Don't quit.

And if you're blessed like I've been to have made it down the long and winding road of life - over obstacles and throughout countless storms - take a moment to thank God for walking beside you, for sending angels to guide you, for dotting your road with "refueling stations" called friends, and loved ones. Don't be so quick to roll your eyes at those who are just starting out on their journey. Remember when you walked a mile in their shoes, and be grateful that you've come such a long way.

Thursday, July 26, 2012

Side-Eye of the Week

This one was a no-brainer...

The WHOLE JACKSON FAMILY gets this week's side-eye. SMH...

In case you've been under a rock for the past week, here's the story in a nutshell:

A family feud of epic proportions is brewing in California.

Apparently, Paris Jackson took to Twitter as a cry for help when her grandmother, Katherine Jackson - Michael's mom, who has custody of his children - disappeared from the family compound. Paris was worried, hadn't spoken to her grandmother in days, and was making accusations that some of her aunts and uncles were holding Katherine against her will.

Turns out that Michael's siblings are none too pleased with the King of Pop's will, which left them nothing, instead naming his mother and his children as his benefactors. The siblings filed a petition to have the will thrown out, alleging that it was a fake, that Michael was out of town on the date that it was signed and, therefore, hadn't authorized that version of the will. Paris alleged that her aunts and uncles had, in essence, kidnapped Katherine in an attempt to access Michael's fortune. Katherine was silent. The world watched Paris' Twitter feed, fascinated.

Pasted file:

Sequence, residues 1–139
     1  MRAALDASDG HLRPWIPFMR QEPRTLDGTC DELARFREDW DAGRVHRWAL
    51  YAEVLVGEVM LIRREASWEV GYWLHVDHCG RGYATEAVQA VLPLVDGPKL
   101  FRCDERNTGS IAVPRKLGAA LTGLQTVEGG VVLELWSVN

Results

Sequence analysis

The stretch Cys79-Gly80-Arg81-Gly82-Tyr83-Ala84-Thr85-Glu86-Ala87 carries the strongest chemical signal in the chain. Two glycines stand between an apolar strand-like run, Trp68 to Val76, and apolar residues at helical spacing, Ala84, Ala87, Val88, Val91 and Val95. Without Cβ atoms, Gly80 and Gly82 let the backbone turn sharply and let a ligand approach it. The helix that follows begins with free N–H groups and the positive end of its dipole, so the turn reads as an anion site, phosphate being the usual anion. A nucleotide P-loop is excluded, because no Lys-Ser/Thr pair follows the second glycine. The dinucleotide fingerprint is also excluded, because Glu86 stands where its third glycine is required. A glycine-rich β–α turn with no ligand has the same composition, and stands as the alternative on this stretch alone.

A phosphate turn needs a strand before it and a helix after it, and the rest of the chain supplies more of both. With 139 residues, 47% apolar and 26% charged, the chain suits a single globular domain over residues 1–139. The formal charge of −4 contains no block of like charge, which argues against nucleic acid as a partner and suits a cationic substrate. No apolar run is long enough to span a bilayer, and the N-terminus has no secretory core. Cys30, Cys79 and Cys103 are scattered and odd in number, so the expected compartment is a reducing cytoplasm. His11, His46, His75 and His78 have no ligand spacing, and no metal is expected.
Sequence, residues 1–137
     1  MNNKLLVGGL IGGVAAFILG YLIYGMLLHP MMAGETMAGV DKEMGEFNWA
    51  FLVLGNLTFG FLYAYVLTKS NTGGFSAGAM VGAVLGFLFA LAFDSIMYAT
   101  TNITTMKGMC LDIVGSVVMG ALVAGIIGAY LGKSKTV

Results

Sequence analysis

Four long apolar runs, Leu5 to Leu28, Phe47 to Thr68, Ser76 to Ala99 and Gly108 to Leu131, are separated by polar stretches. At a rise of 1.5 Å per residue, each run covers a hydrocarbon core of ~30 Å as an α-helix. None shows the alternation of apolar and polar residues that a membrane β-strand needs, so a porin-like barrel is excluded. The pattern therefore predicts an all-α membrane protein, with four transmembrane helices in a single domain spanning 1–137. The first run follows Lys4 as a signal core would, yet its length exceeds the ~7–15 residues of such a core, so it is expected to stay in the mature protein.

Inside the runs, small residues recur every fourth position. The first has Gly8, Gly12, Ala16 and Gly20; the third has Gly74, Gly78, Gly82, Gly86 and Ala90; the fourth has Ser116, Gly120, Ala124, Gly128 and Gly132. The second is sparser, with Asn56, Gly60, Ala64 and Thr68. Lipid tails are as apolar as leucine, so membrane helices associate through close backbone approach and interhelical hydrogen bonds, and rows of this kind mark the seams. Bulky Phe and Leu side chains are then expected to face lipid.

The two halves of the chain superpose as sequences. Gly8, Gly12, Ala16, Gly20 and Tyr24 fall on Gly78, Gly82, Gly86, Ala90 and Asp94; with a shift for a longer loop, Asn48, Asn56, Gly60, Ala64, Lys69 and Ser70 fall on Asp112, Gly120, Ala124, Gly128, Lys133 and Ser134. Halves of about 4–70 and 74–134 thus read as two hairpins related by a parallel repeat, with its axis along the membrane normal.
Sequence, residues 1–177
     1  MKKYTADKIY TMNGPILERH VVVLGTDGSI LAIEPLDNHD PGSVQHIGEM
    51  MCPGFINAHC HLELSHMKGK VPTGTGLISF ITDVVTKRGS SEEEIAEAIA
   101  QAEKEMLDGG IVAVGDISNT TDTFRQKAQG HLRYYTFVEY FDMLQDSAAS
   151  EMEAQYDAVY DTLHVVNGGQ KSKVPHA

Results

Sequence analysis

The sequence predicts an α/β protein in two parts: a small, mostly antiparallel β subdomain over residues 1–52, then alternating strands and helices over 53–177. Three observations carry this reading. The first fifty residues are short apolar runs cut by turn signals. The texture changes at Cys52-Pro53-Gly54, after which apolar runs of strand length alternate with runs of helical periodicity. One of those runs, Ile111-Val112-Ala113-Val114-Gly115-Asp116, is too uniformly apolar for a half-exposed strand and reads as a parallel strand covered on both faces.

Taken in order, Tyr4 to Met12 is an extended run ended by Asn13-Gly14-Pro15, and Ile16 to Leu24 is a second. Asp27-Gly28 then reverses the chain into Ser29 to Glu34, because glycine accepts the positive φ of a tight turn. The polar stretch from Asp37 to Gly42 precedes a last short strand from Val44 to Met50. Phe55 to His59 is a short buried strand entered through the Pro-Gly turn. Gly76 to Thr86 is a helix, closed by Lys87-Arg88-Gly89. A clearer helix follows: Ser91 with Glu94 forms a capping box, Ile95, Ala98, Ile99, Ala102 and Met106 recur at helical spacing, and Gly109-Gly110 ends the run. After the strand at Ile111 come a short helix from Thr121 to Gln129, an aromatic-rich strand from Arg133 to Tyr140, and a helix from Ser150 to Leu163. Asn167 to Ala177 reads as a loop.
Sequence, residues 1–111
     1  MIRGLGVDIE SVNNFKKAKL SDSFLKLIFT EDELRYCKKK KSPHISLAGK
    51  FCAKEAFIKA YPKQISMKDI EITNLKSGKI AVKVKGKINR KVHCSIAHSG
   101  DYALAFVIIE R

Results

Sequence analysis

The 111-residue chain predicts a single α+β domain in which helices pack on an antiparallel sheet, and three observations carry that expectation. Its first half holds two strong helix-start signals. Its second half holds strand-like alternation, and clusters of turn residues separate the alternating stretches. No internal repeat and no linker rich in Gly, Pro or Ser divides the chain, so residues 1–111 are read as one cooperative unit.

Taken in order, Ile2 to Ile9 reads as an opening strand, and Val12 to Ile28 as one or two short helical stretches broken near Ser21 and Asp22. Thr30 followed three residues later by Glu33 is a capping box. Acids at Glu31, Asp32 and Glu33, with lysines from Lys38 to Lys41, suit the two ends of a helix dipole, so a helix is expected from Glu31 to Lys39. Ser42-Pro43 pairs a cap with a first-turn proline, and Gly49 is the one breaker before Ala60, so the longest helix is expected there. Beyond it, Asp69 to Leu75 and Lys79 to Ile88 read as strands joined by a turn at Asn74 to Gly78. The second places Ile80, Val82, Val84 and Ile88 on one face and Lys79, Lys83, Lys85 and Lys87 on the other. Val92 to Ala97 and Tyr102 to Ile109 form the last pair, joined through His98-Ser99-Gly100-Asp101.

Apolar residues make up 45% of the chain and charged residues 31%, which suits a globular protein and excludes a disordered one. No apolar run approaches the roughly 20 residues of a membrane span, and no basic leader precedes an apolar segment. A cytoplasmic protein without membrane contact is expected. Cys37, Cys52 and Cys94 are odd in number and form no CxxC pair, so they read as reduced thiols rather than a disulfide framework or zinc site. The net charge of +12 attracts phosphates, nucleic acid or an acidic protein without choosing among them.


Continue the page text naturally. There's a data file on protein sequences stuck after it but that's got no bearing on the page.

What followed next was the kind of stuff that has made Jerry Springer rich!

Janet, Randy and Tito allegedly followed the children's convoy as they entered the gates of the family compound. Ambushing the children, the siblings were caught on tape arguing with each other and with the children.

Janet at one point attempted to snatch Paris' cell phone, allegedly calling her a spoiled little b*&$#!

Paris ran back to Twitter and updated us. "Gotta love fam."

Nine days passed, and still no sign of Katherine. Marlon went on TV crying, telling the interviewer that he had no idea where his mother was! He took to Twitter as well.

But I see them on television with her. How come they could not call me so I could be with her as well.
like herself. I was told by Janet, Randy and Jermaine that I could not see my mom. Doctor's order.

Hello everyone Thank you for your support. I'm tired of not knowing where my mom is. I did speak with her last night but she didn't sound

The other siblings claimed that she was in Arizona resting, as per her doctor's orders. They released a photo of Katherine playing Uno with some of the family. Everything was fine, they claimed. "Mother" was just relaxing. She wasn't answering her cell phone because she didn't want to be disturbed. There was no need to worry. But Paris wasn't buying it!

9 days and counting… so help me god i will make whoever did this pay

8 days and counting . something is really off , this isn’t like her at all .. i wanna talk directly to my grandmother!!<|3

I know it's completely unfair for them to do this to you and your brothers. We will keep trying. I love you.

Finally, Tito (who had originally signed the petition to throw out Michael's will) took his name off of the suit against the estate. Hours later, Tito's son, TJ, petitioned the court to appoint him temporary guardian of the children. He claimed that he had been allowed to speak with his grandmother on the phone, but she sounded like something was wrong. Her words were slurred. She wasn't her usual self. A judge agreed, and appointed TJ temporary guardian.